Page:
Written by Maggie
Apr 08 2021
Purple coneflower is a perennial herb of the genus Purple Coneflower and also a wild chrysanthemum. Purple Coneflower is not difficult to care for, because Purple Coneflower is a very easy flower to grow. The following lists how to grow and care for purple coneflower.
Varies by zone; sow seeds in spring or fall.
Where to grow purple coneflower
Purple coneflower should be planted in an area that receives 6 to 8 hours of sunlight a day, as too much shade can result in floppy stems and foliage susceptible to powdery mildew.
To grow purple coneflower seeds, loosen the soil to a depth of 12 inches. Add compost to the top 2-4 inches of soil. Seeds take approximately 3 to 4 weeks to germinate, and you should see true leaves at about 12 weeks. If transplanting, dig a hole twice as wide as the pot and deep enough so that the root ball will be level with the top of the soil.
When we grow and care for Purple Coneflower, the daytime temperature should be maintained at 16℃-24℃, and the evening temperature should be maintained at 10℃-16℃.
Purple Coneflower does not require very strict soil requirements. It requires fertile and humus rich soil, which is conducive to the growth of Purple Coneflower.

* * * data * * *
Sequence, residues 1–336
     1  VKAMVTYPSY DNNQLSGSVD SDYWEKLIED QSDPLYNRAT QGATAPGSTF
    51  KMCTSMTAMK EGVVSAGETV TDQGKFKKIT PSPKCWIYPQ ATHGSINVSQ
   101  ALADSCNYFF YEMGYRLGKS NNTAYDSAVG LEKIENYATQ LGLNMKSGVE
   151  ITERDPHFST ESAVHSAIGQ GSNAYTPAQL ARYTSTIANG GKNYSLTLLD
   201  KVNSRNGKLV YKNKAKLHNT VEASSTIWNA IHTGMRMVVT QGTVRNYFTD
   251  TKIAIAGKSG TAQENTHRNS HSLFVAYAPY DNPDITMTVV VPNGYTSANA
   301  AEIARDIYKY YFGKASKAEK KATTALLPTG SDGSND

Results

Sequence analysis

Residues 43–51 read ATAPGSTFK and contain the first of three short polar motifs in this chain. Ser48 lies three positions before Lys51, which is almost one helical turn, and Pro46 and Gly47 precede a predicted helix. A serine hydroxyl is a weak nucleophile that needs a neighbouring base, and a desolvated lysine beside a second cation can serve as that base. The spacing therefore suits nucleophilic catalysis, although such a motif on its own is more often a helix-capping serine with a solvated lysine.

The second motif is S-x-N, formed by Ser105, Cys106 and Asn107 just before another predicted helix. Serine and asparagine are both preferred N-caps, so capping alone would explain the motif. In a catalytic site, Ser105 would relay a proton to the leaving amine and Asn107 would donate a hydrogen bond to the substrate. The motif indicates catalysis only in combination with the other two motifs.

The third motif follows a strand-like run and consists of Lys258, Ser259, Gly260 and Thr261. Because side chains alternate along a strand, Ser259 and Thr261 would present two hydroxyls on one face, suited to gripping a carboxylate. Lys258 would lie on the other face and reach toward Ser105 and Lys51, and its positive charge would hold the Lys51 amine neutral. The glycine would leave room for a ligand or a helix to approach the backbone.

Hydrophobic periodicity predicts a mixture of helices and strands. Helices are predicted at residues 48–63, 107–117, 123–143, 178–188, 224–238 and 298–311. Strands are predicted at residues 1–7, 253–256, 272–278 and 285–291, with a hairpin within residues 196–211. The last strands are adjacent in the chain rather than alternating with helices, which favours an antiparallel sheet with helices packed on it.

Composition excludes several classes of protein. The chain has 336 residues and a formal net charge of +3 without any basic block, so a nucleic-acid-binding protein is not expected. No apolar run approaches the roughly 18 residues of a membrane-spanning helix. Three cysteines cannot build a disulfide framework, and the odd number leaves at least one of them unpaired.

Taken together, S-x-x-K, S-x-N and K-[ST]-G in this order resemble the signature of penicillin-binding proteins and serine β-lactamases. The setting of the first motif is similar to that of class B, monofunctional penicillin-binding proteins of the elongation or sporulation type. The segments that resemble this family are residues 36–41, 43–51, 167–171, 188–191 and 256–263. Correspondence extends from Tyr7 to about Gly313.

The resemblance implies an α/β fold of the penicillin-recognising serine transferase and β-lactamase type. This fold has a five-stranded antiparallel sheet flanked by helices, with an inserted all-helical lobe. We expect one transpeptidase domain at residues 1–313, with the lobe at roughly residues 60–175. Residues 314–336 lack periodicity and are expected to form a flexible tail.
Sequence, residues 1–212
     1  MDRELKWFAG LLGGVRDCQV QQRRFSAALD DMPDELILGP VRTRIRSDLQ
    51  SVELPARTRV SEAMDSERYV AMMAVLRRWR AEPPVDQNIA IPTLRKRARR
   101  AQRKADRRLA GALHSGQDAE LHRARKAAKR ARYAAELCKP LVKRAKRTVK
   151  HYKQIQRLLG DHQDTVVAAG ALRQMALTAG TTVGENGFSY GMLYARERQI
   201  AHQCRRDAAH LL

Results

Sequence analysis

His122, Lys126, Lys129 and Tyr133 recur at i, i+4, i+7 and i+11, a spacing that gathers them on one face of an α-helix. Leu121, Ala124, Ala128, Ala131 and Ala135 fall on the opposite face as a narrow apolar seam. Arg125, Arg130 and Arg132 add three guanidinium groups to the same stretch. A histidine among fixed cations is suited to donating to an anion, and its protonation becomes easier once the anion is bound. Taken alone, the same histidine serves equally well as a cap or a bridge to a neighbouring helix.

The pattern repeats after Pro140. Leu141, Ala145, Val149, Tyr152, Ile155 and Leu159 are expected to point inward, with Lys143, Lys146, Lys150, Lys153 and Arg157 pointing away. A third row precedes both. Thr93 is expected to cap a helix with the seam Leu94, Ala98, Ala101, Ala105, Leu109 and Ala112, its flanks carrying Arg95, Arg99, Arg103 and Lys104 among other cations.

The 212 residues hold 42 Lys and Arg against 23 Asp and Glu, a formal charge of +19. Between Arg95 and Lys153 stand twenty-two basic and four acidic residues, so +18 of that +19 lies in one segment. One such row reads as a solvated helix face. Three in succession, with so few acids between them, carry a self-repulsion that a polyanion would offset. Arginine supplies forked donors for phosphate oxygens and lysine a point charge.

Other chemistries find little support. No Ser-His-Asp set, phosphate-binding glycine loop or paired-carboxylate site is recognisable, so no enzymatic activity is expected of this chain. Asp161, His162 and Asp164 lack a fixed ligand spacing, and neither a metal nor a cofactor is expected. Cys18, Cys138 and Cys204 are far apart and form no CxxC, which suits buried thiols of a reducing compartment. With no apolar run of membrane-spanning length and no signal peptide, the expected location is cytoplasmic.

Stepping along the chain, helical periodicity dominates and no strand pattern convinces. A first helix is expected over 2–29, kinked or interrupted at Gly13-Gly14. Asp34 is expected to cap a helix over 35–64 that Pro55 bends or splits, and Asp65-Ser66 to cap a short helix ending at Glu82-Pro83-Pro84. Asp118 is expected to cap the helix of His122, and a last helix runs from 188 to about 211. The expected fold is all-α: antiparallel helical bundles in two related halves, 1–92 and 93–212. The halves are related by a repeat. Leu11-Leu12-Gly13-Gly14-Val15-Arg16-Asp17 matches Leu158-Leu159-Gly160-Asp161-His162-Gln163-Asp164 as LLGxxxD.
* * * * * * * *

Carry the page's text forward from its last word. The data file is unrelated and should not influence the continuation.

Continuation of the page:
Purple Coneflower is a long-day flower plant. It receives 14-16 hours of light per day during its flowering phase and 7 to 8 weeks of high-intensity light. In the north, it usually blooms in late May.
Purple Coneflower is strong and drought-resistant. When we grow and care for purple coneflower, we should follow the principle of "see dry see wet" when watering. Wait until the soil in the basin is dry, and then water it all at once.
When we grow and care for purple coneflower, the radicle of Purple Coneflower is 50-75rrg/kg at the stage of cotyledon expansion, 100-150mg/kg at the stage of cotyledon expansion, and 250mg/kg at the stage of colonization. Then the cycle can be applied once or twice a week.
When we grow and care for purple coneflower, it generally should be placed in a ventilated, breathable place for maintenance, be sure to keep the ambient air circulation.
One problem worth noting in purple coneflower is “aster yellows,” a virus-like disease caused by a phytoplasma. Symptoms are deformed flowers, sometimes with weird tufts in the cones, and yellow leaves with green veins. The organism is spread by sap-sucking insects like leafhoppers (and can also be spread on pruners during deadheading). There’s no cure, so once you notice a plant is infected, dig it up immediately and throw it away. They can also be bothered by leaf miners, powdery mildew, bacterial spots, gray mold, vine weevils, and Japanese beetles.
Divide clumps when crowded, about every 4 years. If spent flowers are left intact, they will reseed with little effort on your part. Deadheading can help to control this if they are getting out of hand. Some gardeners choose a middle ground and collect the seeds and plant them in carefully selected spots for the following season.